One of the most contested races with a broad field of candidates in the upcoming August 5th Primary election involves the race for Judge of the Juvenile Court, more formally known as Probate Court, which is being vacated by the Honorable Faye M. Harrison, whom has proudly served Saginaw County well for over the last three decades. Because age restrictions prohibit her from running for this office again, the position is open to a large field of five candidates that seek this non-partisan position. The two candidates receiving the highest votes will run against one another in the November 4th general election.
Judicial candidates vying for this position consist of attorneys Stephan Gaus, Kent Greenfelder, Jim Hession, Barbara Meter, and Christopher Swartz. In order to help formulate a better-informed electorate, The Review submitted several questions to each of these candidates and is proud to present their responses below, with the exception of Chris Swartz, whom did not respond to our questionnaire.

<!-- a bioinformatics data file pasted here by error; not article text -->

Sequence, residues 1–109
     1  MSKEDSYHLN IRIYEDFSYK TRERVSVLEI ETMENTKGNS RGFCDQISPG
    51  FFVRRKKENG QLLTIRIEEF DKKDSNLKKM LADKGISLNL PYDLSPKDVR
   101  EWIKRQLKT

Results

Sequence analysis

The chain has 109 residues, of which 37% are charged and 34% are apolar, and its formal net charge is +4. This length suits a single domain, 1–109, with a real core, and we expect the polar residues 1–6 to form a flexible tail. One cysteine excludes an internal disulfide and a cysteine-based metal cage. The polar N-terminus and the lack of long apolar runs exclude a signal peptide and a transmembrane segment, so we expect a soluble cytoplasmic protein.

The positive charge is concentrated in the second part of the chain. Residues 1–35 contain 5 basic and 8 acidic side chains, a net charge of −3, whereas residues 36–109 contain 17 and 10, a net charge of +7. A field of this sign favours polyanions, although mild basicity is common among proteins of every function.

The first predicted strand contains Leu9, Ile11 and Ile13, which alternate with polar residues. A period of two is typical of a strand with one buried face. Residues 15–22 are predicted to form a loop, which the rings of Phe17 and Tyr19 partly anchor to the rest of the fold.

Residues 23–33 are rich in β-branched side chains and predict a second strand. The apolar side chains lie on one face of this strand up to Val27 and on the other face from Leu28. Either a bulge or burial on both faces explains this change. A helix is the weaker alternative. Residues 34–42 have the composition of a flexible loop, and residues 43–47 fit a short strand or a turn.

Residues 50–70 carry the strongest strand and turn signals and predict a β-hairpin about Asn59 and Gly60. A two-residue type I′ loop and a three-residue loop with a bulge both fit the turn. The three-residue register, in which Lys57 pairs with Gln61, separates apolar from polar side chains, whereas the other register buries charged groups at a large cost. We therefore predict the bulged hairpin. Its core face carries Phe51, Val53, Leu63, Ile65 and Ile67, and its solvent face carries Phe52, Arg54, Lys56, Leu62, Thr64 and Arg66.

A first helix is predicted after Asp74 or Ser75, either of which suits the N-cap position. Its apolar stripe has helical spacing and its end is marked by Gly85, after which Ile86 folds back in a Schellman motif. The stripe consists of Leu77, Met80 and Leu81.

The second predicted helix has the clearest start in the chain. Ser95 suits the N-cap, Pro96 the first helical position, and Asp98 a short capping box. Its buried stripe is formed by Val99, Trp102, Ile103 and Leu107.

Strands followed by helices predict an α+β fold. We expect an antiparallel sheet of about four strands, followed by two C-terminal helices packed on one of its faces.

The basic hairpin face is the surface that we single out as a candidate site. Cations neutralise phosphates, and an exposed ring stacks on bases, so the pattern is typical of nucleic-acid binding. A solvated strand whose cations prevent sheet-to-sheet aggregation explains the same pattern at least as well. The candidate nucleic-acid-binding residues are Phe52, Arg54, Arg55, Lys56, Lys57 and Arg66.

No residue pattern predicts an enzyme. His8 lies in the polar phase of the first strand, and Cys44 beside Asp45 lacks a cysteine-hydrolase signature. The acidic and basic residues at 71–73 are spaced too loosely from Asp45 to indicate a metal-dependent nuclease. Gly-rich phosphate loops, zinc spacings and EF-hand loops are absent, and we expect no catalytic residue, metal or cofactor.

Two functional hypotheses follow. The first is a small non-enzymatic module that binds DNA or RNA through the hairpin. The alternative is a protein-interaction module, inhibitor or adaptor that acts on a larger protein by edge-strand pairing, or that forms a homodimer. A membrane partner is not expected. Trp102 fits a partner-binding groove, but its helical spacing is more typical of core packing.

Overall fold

Review: Please state your personal and professional background in terms of how you feel it best qualifies you for this position.
Stephan Gaus: I have been an attorney for 36 years. I have been an adoptive father for 34. Becoming an adoptive parent gave me a keen appreciation for the work of this Court, and I began doing adoptions shortly after my first adoption. I now have 3 adopted children and 7 grandchildren from them.
I have probably been best known for my Circuit Court litigation work as a trial attorney. Some folks don’t know of my probate court work. Still, trial work is trial work and my many years spent litigating will make it easy to do the half of this job, which is courtroom work.